I want you to want me.

Dear Jessica,

Help! I feel like I’m driving myself crazy. My husband and I are no longer intimate – at least not very intimate at all. We’ve been married almost 7 years now. If we have sex once a month I’m lucky.  I often wonder if he’s cheating, just because he has no real drive to be intimate with me.  Emotionally, we still have a great relationship – we laugh, go on dates, go out together with friends and separate. I don’t understand why he doesn’t want a more sexual relationship.

~Worried

Dear Worried,

Firstly, take a deep breath. No need to go right to the “cheating” wagon just because there’s been a change in the bedroom.

I’m not sure why this is the go-to response, “s/he’ cheating”, but it simply isn’t always the case. In fact, I would argue if you have those little moments of intimacy – laughing, spending time with each other, a “great” relationship – then it’s more than likely NOT the case.

Let’s start with: When did it become a problem, and how did it get there? This is a very important question to answer. Typically, you don’t go from daily sex to less than monthly overnight. Things begin to get in the way – fighting, finances, work, home, school, in-laws, cutting the grass, the fight about the sock on the ground – any and everything can contribute. In order to truly fix the issue, you need to know the problem, not the symptom.

How did you and your husband’s sex live begin to decline? Can you pinpoint when you first noticed the shift?

How intimate you are without sex? Do you hug? Kiss? Hold hands? When we’ve been with our partners for a while it’s easy to forget how important these are to our partners, and our relationship. Men and women are very similar in this sense – if they aren’t feeling wanted, they aren’t going to want sex.

If you can’t pinpoint the shift, and intimacy outside is not a problem, let’s look for some common issues regarding lack of sex. A huge one is tied into emotional health. I’m talking about stress. While for many sex is a stress reliever, if you are in a constant state of worry about a multitude of issues, it’s harder to get “in the mood” to begin with. Stress can lead to lack of sleep, lack of energy, physical sickness, headaches, intestinal issues, irritability, and more. Just going over the short list, with any of those symptoms it’s harder to want to get it on. If your husband is experiencing multiple symptoms? No way.

Another potential culprit is age. More specifically, the “sexual peak”. Men tend to hit theirs in their 20s. Women – late 30s. That’s almost a 20 year gap (the cougar phenomenon makes sense now, huh?) Your husband’s sex drive may be on decline while yours is skyrocketing. He may not need it every day, while all you think about is your next orgasm.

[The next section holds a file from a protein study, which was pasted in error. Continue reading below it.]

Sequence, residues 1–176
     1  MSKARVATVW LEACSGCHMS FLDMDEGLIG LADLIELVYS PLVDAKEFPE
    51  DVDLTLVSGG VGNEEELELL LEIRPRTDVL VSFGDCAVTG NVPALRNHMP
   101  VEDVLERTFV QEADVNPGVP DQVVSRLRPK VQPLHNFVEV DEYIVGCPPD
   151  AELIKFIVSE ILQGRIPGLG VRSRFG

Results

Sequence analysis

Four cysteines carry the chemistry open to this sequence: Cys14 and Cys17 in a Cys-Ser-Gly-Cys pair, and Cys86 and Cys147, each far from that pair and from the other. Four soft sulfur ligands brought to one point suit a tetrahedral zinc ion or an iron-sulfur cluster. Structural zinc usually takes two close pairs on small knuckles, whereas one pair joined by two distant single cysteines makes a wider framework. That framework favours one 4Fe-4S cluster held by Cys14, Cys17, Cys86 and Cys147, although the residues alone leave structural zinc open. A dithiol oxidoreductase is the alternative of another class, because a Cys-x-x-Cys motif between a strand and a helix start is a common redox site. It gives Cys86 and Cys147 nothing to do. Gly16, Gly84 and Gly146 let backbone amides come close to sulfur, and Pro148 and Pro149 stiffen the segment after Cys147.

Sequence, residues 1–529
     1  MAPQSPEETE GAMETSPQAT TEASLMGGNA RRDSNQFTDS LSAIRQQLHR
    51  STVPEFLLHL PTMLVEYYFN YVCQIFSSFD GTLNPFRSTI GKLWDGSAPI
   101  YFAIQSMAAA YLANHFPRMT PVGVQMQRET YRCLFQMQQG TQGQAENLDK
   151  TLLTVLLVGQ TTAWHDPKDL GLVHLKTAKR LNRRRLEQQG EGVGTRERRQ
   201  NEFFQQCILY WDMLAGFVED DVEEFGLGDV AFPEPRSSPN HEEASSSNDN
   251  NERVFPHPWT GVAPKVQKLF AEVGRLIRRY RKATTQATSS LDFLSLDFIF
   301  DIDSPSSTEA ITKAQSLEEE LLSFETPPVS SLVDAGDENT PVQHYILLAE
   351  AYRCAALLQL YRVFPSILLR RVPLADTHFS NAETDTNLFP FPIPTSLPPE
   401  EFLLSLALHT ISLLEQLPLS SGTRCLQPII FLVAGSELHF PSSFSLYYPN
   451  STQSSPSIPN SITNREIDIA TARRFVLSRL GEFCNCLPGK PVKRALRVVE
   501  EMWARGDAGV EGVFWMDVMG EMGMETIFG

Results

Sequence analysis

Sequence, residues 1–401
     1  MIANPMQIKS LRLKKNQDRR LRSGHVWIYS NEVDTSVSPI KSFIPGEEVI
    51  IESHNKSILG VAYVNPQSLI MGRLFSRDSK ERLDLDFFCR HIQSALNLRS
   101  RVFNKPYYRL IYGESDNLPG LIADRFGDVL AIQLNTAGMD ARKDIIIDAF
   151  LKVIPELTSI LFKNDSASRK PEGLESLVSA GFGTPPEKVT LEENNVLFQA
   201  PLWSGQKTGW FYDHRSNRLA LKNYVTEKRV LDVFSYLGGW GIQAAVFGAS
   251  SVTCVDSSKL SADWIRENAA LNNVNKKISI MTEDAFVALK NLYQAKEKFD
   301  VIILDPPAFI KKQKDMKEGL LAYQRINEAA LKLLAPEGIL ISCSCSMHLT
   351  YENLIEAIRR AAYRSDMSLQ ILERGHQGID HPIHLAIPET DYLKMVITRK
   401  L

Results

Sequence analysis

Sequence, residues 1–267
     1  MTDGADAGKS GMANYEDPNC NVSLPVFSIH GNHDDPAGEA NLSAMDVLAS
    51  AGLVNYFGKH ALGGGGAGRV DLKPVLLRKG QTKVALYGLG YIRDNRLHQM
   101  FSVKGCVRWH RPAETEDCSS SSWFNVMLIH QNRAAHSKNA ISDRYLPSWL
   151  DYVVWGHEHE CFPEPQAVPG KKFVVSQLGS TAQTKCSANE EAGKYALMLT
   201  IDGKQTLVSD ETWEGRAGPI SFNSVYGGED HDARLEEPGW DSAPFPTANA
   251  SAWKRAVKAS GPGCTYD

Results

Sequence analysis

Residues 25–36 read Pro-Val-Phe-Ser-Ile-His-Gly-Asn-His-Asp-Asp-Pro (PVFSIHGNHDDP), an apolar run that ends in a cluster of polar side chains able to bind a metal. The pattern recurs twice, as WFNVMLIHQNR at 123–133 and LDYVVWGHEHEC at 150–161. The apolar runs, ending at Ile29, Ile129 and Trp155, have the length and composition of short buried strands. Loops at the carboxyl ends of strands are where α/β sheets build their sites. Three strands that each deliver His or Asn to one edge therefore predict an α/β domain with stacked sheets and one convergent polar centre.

There’s the saying, when it comes to foreplay, men are like microwaves, and women are like stoves. Perhaps you need to treat your husband like the stove. Don’t jump right into sex – make it *sexy* again. Cook him a nice dinner. Wear sexy lingerie. Give him a massage. (Before I get yelled at about being misogynistic – this is a woman talking about her husband. If the question was from the opposite sex, I would say the same). Talk to him about his day. You may find the issue with your lack of sex has nothing to do with sex at all.

If the above doesn’t work, my rule of thumb – open communication – also applies here. You can discuss with your husband exactly how he – and more importantly, you – feel. I suggest having a frank conversation with him. Ask him if something is bothering him, if there’s something you can do. Let him know you’ve noticed a shift and find it difficult not to personalize it.

Finally, and this may be embarrassing, he may not be able to *ahem* preform, quite as well. Perhaps he wants sex, but his body isn’t complying. He may need to visit a doctor – so suggest a check up where he can bring up potential physical issues.

It may be embarrassing, and hard to discuss, but this is your husband. If you can’t be open and honest with each other, sex is the least of your problems. Counseling may be beneficial.

Good luck,

~Jessica

 

***Jessica is a Licensed Therapist and Romance Author. Answers are meant for entertainment purposes and should not be used in place of actively seeking therapy for love, sex, or intimacy issues.***

 

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